Fumaric acid, the strongest organic food acid commonly used as a flavoring agent and pH control agent. It provides more sourness than other acidulants, e.g. citric acid (E330) and malic acid (E296) in food. The European food additive number for it is E297.
It is a weak organic acid (a dicarboxylic acid) commercially made from maleic acid and with chemical formula C4H4O4. It is a precursor for the production of other acids, like L-aspartic acid and L-malic acid.
Fumarate, citrate and malate are all the intermediate in the tricarboxylic acid cycle or KREBS cycle to produce energy in the form of ATP in our humans and most living cells.
It can be naturally found in fumitory, bolete mushrooms, lichen, and Iceland moss. (1) Also, it presents in fruits such as apple and watermelon. Generally, it is less found in most fruits than another two acidulants, citric acid and malic acid. (2)
Fumaric acid can be produced by the isomerization of maleic acid or glucose fermentation. The following are the two manufacturing processes:
1. Isomerization of Maleic Acid
Commonly the production is chemically synthesized from isomerization of maleic acid which is the hydrolysis of maleic anhydride. (3)
Maleic anhydride is the cis-counterpart of fumaric acid. It is manufactured from butane, butene, or benzene from petroleum are the starting materials. (4)
2. Sugar fermentation
Fermentation by Rhizopus species using glucose or other carbohydrate substrates. (5)
|Melting Point||287 °C|
|Boiling Point||156 °C|
It is a white or nearly white crystalline powder or granular with a clean, persistent sourness with dryness. The sourness is around 1.5 times that of citric acid.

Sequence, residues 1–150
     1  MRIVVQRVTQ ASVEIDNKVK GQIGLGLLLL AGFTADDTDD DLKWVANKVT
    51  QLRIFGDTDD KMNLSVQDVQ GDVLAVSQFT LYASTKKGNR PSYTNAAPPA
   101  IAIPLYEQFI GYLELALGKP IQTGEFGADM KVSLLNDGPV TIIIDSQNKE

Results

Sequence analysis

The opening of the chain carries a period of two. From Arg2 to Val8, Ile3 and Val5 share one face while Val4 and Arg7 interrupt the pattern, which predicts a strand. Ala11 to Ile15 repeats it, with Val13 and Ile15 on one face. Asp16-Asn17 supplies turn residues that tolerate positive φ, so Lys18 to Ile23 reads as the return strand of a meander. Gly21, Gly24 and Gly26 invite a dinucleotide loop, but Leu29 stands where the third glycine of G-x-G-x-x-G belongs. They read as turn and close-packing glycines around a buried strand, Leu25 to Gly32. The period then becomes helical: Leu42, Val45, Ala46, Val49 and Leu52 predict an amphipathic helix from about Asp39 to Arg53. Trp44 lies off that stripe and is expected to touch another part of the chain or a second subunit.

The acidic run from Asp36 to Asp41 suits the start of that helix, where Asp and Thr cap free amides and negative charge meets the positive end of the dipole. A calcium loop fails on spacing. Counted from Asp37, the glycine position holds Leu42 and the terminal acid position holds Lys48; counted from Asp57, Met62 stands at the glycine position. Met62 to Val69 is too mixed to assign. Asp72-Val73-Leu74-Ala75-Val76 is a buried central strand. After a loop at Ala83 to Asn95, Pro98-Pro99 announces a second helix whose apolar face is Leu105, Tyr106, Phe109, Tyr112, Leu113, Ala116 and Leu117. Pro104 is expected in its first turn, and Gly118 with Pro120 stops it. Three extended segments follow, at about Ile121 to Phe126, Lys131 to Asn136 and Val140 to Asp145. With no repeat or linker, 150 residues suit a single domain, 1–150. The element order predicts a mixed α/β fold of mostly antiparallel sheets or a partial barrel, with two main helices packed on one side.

Fumaric acid is a weak organic acid containing two carboxylic acid functional groups and as a result it has two PKa values, PKa1 = 3.03 and PKa2 = 4.44. Its PKa1 and PKa2 value is higher than that of citrate acid and malic acid.
Fumaric acid is an unsaturated di-carbonic acid and it has 2 dissociation equilibrium equations. Its PH value is 2.03 in the concentration of 100 mM (0.1mol/L). (6)
How to Calculate the PH Value?
The method to calculate its PH is the same way with that of malic acid.
It is a relatively strong acid and has a strong buffering property to maintain the pH of the aqueous solution at around 3.0, which is important for preservatives that function around pH 3.0.
Fumaric acid helps stabilize the pH of a fruit juice drink, which in turn makes colour and flavour stable. Therefore, it is often used together with preservatives, such as sodium benzoate (E211).
It has a solubility of 0.5% (0.5g/100ml) at 20°C in water while citric, malic and tartaric acid are all very soluble in water.
The hydrophobic of fumaric acid makes it an effective antimicrobial agent because it can disrupt microbial activity by interacting with lipid materials on the microbial cell wall.
In organic solvents